years ago this April, Jill Robinson first walked onto a bear bile farm. On that day in April 1993, Jill could have walked away, but she chose to act and do what she could. Today, you also have a choice. If everyone reading this donated just US$20, it would pay for the care of over 150 bears at our China sanctuary for a full year. Please help us celebrate 20 years of progress. Donate US$20 today (or whatever you can afford).
Difficult decisions taken to save as many dogs as possible
The rescue by the authorities of 149 dogs from dog-meat traders on New Year's Eve represented a big, and unusual, success for those of us who work to end the brutal rounding up and slaughter of dogs and cats for meat in China.
Everyone would wish for all of these dogs to be given the chance to be rehomed from the Qiming shelter into the loving care of people who could let them experience human kindness after all they have suffered at the hands of people. Sadly, the reality of managing these dogs means that, for some, this is simply not possible.
Most of these dogs will have been raised in the most miserable of circumstances, in many cases, specifically for sale to the meat traders. Some may have been used as guard dogs, chained outside with no shelter from the elements, and fed no more than scraps. Some may have been family pets that were either stolen or abandoned. All were either sold to, or rounded up by, the meat traders to be caged, transported and slaughtered in the cruelest of ways.
Up to now, most of these dogs have never experienced human kindness or any semblance of care. Now here they are, rescued from a grim death, but in many cases suffering from severe disease, out of their minds with fear, and not surprisingly in many cases being very aggressive towards each other, and towards the people who are now trying to help them.
The Qiming centre is well run by Chinese standards, but is a basic facility, with no resources to house these dogs individually, treat those with disease, manage those that were showing severe aggression, or hope to rehome such a large number of dogs. The centre already houses more than 200 other dogs that are looking for good homes.
With dogs showing signs of disease and behaving in an extremely aggressive manner, rabies was never far from our minds. The safety of our team, and that of the Qiming shelter staff, was therefore another vital consideration in the management of the dogs.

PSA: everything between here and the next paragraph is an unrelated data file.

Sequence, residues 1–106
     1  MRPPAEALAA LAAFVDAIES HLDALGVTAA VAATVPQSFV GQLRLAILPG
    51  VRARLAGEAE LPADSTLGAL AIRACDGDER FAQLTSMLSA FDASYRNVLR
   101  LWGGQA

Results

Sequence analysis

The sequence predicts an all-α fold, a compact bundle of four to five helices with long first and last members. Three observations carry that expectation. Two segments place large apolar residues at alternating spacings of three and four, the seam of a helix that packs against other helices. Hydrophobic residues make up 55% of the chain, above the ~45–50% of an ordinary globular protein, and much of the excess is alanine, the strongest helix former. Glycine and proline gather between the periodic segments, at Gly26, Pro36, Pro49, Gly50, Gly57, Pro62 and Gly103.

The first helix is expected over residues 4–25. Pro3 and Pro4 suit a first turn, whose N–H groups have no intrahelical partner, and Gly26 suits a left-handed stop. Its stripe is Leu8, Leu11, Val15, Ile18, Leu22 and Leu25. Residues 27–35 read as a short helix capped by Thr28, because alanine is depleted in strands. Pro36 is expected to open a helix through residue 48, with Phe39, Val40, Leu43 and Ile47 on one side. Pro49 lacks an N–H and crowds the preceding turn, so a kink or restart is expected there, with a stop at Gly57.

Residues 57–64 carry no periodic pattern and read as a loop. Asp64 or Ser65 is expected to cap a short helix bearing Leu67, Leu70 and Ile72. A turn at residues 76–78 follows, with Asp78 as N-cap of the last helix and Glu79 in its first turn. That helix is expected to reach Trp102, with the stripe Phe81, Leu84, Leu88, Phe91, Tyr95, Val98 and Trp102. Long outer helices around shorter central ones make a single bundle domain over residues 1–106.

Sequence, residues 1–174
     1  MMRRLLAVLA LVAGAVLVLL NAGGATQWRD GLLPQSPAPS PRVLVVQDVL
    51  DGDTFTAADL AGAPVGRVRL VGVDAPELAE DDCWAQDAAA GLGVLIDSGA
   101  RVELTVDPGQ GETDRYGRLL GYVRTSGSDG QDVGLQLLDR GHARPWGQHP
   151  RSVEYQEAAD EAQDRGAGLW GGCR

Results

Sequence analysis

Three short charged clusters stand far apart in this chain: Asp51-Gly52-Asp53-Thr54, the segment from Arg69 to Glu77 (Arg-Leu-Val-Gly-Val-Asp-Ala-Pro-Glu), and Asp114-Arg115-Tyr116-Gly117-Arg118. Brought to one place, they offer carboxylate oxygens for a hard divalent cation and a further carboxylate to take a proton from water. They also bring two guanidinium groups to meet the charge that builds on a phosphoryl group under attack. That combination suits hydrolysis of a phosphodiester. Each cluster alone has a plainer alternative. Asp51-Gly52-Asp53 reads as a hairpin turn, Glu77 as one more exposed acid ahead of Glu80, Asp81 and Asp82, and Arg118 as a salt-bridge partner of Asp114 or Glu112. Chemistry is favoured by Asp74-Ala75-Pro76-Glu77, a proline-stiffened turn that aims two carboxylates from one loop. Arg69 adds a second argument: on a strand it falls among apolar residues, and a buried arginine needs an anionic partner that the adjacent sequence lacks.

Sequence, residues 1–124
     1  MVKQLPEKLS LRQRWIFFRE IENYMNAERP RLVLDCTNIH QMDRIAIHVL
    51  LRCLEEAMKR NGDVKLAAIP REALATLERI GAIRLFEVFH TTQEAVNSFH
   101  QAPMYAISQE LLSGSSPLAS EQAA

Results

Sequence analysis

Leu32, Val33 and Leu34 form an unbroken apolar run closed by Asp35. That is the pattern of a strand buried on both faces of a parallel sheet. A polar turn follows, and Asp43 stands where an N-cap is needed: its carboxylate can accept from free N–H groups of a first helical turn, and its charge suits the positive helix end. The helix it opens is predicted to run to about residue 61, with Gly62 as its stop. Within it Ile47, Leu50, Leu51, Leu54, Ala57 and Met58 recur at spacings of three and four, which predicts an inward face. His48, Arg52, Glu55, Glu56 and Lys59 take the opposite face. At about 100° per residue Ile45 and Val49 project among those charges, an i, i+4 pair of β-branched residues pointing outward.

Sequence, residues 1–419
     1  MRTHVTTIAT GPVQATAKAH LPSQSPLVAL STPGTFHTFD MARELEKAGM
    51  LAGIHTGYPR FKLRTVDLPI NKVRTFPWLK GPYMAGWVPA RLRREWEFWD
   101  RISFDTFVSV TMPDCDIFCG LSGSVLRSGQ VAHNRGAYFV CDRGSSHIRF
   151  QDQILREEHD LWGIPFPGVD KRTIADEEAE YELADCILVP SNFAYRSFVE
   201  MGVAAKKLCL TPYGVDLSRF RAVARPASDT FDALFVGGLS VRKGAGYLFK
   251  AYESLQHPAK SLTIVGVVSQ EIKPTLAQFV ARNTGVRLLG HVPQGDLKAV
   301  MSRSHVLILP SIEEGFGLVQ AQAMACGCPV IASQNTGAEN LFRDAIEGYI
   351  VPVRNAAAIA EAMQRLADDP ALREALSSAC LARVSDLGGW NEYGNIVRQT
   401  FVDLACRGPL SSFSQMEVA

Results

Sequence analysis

Unfortunately, we have had to make the heart-wrenching decision to put the sickest and most aggressive dogs to sleep. Our vet team and all those involved in the rescue have had this sad, thankless, horrible job thrust upon them. To have to euthanise any animal that we love is a heart-breaking experience, and never more so than now, with these dogs having already been through so much.
Preliminary results from laboratory tests have so far been negative for rabies, which is good news both for the remaining dogs and for the staff. Our highest priority is to try to ensure the Qiming centre remains rabies free, not only for the sake of the remaining rescued dogs, but also for all the dogs and staff at the centre.
Therefore, with many of the dogs still struggling with various illnesses and the possibility of other diseases presenting, it will be some time before we can say with confidence that the remaining dogs are truly safe.
We understand that many people, unfamiliar with the basic nature of the conditions in which we are working, may have difficulty understanding why we have had to make some of the decisions we have made. We can only say that the fault for this sad situation lies entirely with the traders and consumers of dog meat. If we can put a stop to this horrific and barbaric trade, then we can prevent this kind of situation ever arising again in the future.
For those dogs we have sadly had to euthanise, at least they spent their last days surrounded with compassion and kindness.